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Re: [Revlist] Book of the Continental Soldier (was Re: Haversacks)

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  • W. Scott Smith
    Todd, Where would one purchase or access Jim Kochan s published work on French contract coats? Scott ... -- W. Scott Smith, Principal The Antiquaries, LC
    Message 1 of 4 , Mar 1, 2010
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      Todd,

      Where would one purchase or access Jim Kochan's published work on French
      contract coats?

      Scott

      On Mon, Mar 1, 2010 at 1:36 PM, Todd Post <todd.post2@...> wrote:

      > Don,
      >
      > Good book, but the information is extremely dated and new documentation has
      > come to light since it was published. For instance, a more robust
      > understanding regarding the French-made regimental coats (AKA "Lottery
      > Coats) has been published by Jim Kochan that debunks what is printed in
      > Peterson's book as he only scraped the surface of their procurement and
      > distribution, whereas Kochan delved.
      >
      > Cheers,
      > Todd
      >
      >
      > Mar 1, 2010 06:14:41 PM, Revlist@yahoogroups.com wrote:
      >
      > Was in the research section of the library and ran across this book: The
      > Book of the Continental Soldier by Harold L. Peterson and published in
      > 1968.
      > Didn�t have much time to look at it, but what I saw it seemed to have some
      > good research backed by a good Bibliography. Anyone else ever read this
      > book and if so, does it seem to be good info? Don
      >
      >
      >
      > From: John
      > Reply-To:
      >
      > Date: Sat, 27 Feb 2010 17:43:47 -0000
      > To:
      >
      > Subject: [Revlist] Re: Haversacks: Did they have them? Now Rev War food
      > article ...
      >
      >
      >
      >
      >
      >
      > Hi Mike,
      >
      > Curious, I saw your post right AFTER I posted my piece on haversack
      > shortages. Sad to say, we think alike ...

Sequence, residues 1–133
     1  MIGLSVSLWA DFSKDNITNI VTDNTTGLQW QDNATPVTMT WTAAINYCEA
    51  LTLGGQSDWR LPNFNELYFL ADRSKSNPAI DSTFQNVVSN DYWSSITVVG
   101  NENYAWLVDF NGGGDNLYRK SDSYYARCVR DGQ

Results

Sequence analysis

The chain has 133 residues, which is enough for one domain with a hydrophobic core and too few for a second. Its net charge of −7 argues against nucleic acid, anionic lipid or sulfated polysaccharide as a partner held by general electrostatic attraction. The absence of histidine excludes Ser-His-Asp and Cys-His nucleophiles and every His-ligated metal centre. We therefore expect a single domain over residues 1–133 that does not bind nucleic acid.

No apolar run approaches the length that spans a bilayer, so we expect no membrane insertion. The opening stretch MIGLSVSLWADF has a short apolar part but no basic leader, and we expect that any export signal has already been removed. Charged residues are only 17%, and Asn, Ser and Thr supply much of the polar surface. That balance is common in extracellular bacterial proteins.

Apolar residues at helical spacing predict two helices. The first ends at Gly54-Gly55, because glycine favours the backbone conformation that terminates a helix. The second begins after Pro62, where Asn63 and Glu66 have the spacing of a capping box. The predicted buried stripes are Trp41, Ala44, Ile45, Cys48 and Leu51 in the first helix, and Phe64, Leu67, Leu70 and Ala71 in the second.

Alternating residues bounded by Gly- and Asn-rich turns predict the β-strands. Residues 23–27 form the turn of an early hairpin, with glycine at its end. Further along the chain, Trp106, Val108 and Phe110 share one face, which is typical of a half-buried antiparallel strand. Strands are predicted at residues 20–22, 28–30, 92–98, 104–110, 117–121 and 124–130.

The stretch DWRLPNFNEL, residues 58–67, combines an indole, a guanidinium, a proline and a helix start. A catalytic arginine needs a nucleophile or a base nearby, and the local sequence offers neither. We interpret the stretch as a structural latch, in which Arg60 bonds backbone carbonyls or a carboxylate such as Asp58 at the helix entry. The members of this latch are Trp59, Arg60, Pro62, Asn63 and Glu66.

>
      > For anyone interested in more on Rev War soldiers' food, mess groups, food
      > distribution, my article (see outline below) on the subject will be out in
      > Military Collector & Historian later this year ... not too late to
      > subscribe
      > (for information see http://military-historians.org/ ) My piece on the
      > Battle of Millstone, January 1777, should be out in the March issue.
      >
      > Cheers,
      >
      > John
      > www.revwar75.com/library/rees
      >
      > "'To the hungry soul every bitter thing is sweet.': Soldiers' Food and
      > Cooking in the War for Independence"
      > Subheadings:
      >
      > "The manner of messing and living together": Continental Army Mess Groups
      > "Who shall have this?": Food Distribution
      > "A hard game ...": Continental Army Cooks
      > "On with Kittle, to make some hasty Pudding �": How a "Continental Devil"
      > Broke His Fast
      > 1. The Army Ration and Cooking Methods.
      > 2. Eating Utensils.
      > 3. The Morning Meal.
      > 4. Other Likely Breakfast Fare.
      >
      > --- In Revlist@yahoogroups.com , "mike"
      > wrote:
      > >
      > > --- In Revlist@yahoogroups.com , "John"
      > wrote:
      > > >
      > > > Well, as frustrating as this conversation has been, some good
      > information
      > HAS come out. BUT, while British equipment returns show enough haversacks
      > issued
      > to complete all their soldiers (on campaign), American returns and other